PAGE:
A most remarkable face
As one would expect from a group that includes 99% of known fish and almost 1 in 3 vertebrate species, the spiny-rayed fishes are incredibly diverse. However, even amongst these incredibly diverse body-plans and lifestyles, flatfish stand out as being singularly unusual.
Flatfish, which include many familiar food fish like sole, plaice, and halibut, are defined by a bizarre adaptation: a profound cranial asymmetry resulting from one eye migrating to the opposite side of the skull during larval metamorphosis; or, in simpler terms, they have both eyes on one side of their head.
This extreme re-sculpturing of their skulls enables adult flatfish to rest on the seafloor on their eyeless ‘blind’ side, with both eyes pointing upwards (towards potential predators or prey) unobstructed by sediment. This unusual adaptation has clearly been successful for flatfishes, with over 700 species currently in existence.
A not so unique adaptation?
Flatfish can be divided into two groups: the three species of spiny turbot that make up the family Psettodidae, and the much larger suborder Pleuronectoidei. Unsurprisingly, fish biologists long assumed that both groups of flatfish evolved from a single common ancestor; it is hard to imagine such a bizarre adaptation having evolved multiple times.
Recently however, this common-sense assumption has come under attack. Several studies have found support for the distinct flatfish adaptation having evolved on two separate occasions. Is the flatfish body-plan not as unique as it appears?
Hard to say, has been the honest answer up until now. While there is little doubt that flatfish belong to the wider fish group carangimorpharia (which also includes marlins, swordfish, and remoras), the exact evolutionary relationships among this group are uncertain. Eight recent phylogenetic studies conducted on carangimorphs have produced eight different evolutionary trees, some of which support a single origin for flat-fish, others of which support multiple origins (see figure).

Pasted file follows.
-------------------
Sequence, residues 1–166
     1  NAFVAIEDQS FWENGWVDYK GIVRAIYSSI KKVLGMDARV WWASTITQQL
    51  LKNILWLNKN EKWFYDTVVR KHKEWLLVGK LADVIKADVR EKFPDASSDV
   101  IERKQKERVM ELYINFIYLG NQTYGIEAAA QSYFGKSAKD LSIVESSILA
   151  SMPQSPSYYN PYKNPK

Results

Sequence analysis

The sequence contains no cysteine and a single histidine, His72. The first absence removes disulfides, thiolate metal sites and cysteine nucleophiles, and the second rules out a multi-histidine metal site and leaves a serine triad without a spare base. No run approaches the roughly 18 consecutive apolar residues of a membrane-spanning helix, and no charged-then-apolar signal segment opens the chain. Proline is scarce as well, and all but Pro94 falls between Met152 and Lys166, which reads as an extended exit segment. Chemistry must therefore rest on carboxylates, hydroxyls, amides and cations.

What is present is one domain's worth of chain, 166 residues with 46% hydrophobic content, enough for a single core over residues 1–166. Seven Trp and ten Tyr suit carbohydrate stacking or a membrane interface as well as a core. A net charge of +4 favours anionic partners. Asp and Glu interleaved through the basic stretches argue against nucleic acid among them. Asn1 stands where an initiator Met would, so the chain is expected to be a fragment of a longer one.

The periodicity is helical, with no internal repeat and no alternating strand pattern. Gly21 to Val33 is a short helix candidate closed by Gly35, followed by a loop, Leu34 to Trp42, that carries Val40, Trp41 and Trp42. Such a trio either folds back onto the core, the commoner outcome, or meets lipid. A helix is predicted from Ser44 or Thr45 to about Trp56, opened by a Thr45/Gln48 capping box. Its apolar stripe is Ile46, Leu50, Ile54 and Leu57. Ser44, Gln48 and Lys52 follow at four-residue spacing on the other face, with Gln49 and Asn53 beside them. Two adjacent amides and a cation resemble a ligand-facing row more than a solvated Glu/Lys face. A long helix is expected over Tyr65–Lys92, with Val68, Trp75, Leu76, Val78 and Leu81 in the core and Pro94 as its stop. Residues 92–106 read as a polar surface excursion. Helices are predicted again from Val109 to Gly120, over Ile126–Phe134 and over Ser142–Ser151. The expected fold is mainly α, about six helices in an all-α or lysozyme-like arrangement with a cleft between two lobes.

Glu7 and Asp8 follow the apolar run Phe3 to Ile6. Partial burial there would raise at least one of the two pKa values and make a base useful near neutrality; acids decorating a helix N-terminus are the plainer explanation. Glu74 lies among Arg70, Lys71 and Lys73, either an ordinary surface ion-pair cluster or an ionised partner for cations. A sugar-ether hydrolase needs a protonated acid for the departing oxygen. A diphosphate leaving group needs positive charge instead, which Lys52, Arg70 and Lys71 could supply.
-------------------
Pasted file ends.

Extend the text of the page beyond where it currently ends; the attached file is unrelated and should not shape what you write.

Resolving the question
A new study, from a team of researchers led by Matt Friedman of the University of Oxford and recently published in BMC Evolutionary Biology, aims to resolve these issues. Making use of recent advances in phylogenomics and high-throughput DNA sequencing, they have assembled a dataset of ultraconserved DNA elements (UCEs) and their flanking sequences from over 1000 loci in 45 different carangimorph species.
UCEs are, as the name suggests, parts of the genome that are identical across distantly related species; for example, many fish share certain UCEs with humans. They have become increasingly widely used in evolutionary studies in recent years, having demonstrated considerable potential to resolve obscure evolutionary relationships (including in ray-finned fishes) due to the sheer volume of genetic data that can be efficiently produced.
UCEs seem to have been successful in untangling this tricky problem as well. The evolutionary tree produced from the researchers data-set is statistically well-supported and remains robust regardless of the analytical framework applied (an important consideration in this kind of research, given that different frameworks will always involve certain assumptions). Crucially, this tree strongly supports a single evolutionary origin for flatfish. It appears that this evolutionary novelty really is unique.
Evolution in the blink of an eye
The new research also provides a reason as to why it has been so difficult to pin-down flatfish evolution; it happened incredibly quickly. The researchers believe that the flatfish body-plan, with complete orbital migration of the eyes, evolved in no more than 2.9 million years.
While a long-time by human standards, this is remarkably quick in evolutionary terms. The distinct body-plans of flatfish relatives like moonfish and billfish took 2-3 times longer than this to evolve, while we can also compare the time it took for anatomically modern humans to evolve (around 7 million years) or whales to evolve their body-plan (around 20 million years). Indeed a few million years is the same amount of time estimated for the diversification of some radiations of cichlid fish in African lakes, long considered a pre-eminent example of ‘explosive’ evolution.
Flatfish appear then to be emblematic of a common problem in reconstructing the evolutionary histories of rapidly evolving lineages. When evolution moves so quickly, it leaves less ‘evidence’ behind it, in the form of other genetic changes which allow determination of relationships within a lineage. The use of large datasets, like those provided by high-throughput sequencing of UCEs, becomes necessary in such cases to untangle evolutionary relationships.
Flatfish, then, are doubly remarkable. Their incredibly distinct morphology is indeed a unique adaptation that has evolved but once. We now realise they are also noteworthy for having undergone such drastic changes in nothing more than the blink of an evolutionary eye.